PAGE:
Ras Al Khaimah authorities arrested three Moroccan waitresses working in a coffee shop for luring clients using magic and witchcraft. Undercover policemen were deployed in that area to observe the coffee shop and to make sure of the accuracy of the information. The three waitresses were found guilty at the time of arrest.
It's easy sometimes to forget what we're dealing with in the Muslim world. Beneath all the titles and technology, the trappings of modernity is a culture so medieval that it makes the dark ages seem enlightened. (via Religion of Peace)
Journey with us now to Ras Al Khaimah, one of the UAE's Emirates, in the year 2012 (1434 in the Islamic calendar) for a ride along with the police forces of one of the wealthiest places in the world.
Ras Al Khaimah authorities arrested three Moroccan waitresses working in a coffee shop for luring clients using magic and witchcraft, an official at Ras Al Khaimah told Gulf News on Wednesday.
Official said that the police acted upon receiving a tip-off following complaints from a residential area about the coffee shop that was open round the clock.
Undercover policemen were deployed in that area to observe the coffee shop and to make sure of the accuracy of the information. Police raided the place after confirming the accuracy of the information received.
The three waitresses were found guilty at the time of arrest. Police have referred the case to the public prosecution for further action.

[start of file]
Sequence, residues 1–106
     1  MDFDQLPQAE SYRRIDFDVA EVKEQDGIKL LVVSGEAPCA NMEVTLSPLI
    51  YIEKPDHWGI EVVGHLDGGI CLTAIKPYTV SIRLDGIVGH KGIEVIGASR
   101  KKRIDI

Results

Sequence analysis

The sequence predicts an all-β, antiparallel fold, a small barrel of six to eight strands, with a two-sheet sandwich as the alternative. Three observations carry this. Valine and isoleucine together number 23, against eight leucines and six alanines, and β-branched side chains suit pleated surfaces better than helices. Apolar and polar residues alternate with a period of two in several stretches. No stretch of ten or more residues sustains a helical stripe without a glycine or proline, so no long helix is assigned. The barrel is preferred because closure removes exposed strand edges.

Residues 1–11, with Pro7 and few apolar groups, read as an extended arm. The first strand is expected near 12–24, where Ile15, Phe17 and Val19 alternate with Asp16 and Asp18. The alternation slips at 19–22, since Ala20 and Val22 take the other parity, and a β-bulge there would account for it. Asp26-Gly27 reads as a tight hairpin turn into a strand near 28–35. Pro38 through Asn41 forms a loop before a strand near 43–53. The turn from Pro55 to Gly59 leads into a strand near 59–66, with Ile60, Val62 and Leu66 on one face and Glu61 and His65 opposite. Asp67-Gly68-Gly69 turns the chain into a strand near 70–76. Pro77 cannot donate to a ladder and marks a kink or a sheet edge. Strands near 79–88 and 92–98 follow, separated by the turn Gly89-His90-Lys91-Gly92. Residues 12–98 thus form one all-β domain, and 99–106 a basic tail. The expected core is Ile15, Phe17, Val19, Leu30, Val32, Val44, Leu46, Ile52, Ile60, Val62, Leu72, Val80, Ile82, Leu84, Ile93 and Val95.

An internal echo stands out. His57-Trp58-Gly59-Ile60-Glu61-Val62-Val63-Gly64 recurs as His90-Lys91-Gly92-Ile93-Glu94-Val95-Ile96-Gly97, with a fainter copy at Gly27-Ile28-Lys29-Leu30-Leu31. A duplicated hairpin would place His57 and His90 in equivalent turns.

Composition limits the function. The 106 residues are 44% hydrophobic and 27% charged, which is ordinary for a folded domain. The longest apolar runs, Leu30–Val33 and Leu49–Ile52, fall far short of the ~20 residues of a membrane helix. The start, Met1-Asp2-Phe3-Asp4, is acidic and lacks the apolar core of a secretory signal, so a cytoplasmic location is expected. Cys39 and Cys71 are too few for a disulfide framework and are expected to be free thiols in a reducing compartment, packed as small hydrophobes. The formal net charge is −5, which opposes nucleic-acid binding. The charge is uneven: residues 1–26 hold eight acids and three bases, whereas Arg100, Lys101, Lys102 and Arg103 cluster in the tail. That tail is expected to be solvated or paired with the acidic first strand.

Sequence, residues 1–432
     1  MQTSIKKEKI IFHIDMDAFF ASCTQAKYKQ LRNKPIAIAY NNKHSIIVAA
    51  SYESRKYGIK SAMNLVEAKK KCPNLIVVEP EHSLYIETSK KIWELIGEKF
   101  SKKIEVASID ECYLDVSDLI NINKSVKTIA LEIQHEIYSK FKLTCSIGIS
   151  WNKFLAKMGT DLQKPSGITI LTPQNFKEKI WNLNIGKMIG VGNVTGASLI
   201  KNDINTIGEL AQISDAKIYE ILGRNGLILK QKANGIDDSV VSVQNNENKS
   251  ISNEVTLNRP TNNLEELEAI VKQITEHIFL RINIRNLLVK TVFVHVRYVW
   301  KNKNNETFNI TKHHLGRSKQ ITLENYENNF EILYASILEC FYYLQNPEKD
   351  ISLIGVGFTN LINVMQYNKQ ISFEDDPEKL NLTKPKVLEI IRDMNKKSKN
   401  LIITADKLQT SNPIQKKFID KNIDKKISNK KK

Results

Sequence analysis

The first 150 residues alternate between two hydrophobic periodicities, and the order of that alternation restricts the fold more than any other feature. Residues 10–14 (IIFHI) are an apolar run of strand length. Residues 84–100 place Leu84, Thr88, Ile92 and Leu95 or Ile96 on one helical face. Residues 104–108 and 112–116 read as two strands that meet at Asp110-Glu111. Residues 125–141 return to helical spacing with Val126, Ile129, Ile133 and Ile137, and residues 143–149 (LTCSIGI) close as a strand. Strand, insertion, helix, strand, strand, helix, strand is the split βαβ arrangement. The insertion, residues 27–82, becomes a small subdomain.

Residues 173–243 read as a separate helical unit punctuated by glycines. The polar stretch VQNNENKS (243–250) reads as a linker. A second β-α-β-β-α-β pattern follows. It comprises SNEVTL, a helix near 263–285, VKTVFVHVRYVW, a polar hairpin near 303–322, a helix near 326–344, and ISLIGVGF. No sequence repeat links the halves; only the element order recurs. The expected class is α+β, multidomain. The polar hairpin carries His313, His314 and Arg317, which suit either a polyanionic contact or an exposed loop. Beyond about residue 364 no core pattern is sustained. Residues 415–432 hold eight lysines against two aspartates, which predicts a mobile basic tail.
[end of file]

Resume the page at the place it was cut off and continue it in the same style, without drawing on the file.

Since the waitresses have already been found guilty, further prosecution seems redundant, but you can never be too careful when dealing with that old black magic.
While other countries use undercover police to catch drug dealers in the act. The UAE has undercover witch hunters. Again a reminder that the only thing separating the UAE from the 7th Century is a whole lot of money and foreign talent.
This case isn't some aberration. The fight against magic is a major law enforcement priority in the Muslim world as I documented in my article, "Muslim Witch Hunts."
A Saudi witch hunt is not a committee hearing; it is an actual unit of the Islamic religious police which is tasked with fighting witches and sorcerers, who according to the authorities, in the absence of the Jews, are responsible for most of the problems in the land.
In the Maldives, Sheikh Abdullah Bin Mohamed called for the passage of an Anti-Sorcery Act. The Maldives already has its own witch hunts and in 1993 arrested a witch for giving magic scrolls to a presidential candidate to help him win an election—a novel form of electoral fraud.
Black magic is also a serious problem in the United Arab Emirates. In non-Muslim countries airport security personnel screen for Muslim terrorists carrying explosives and weapons; but in Muslim countries, the local equivalent of the TSA searches for magic wands and potions. Vigilant security personnel at Abu Dhabi International Airport caught one such would-be Harry Potter trying to enter the UAE.
“The airport staff suspected the passenger, so they inspected his luggage and found books that contained spells, mostly in unknown languages, and some suspicious tools which seem to be used for black magic,” said Colonel Rashid Bursheed, the head of the organized crime section at the Criminal Investigations Department.
A magic potion that might only be punishable by seven years in a dungeon in a liberal place like Dubai might make a man lose his head in properly Islamic Saudi Arabia.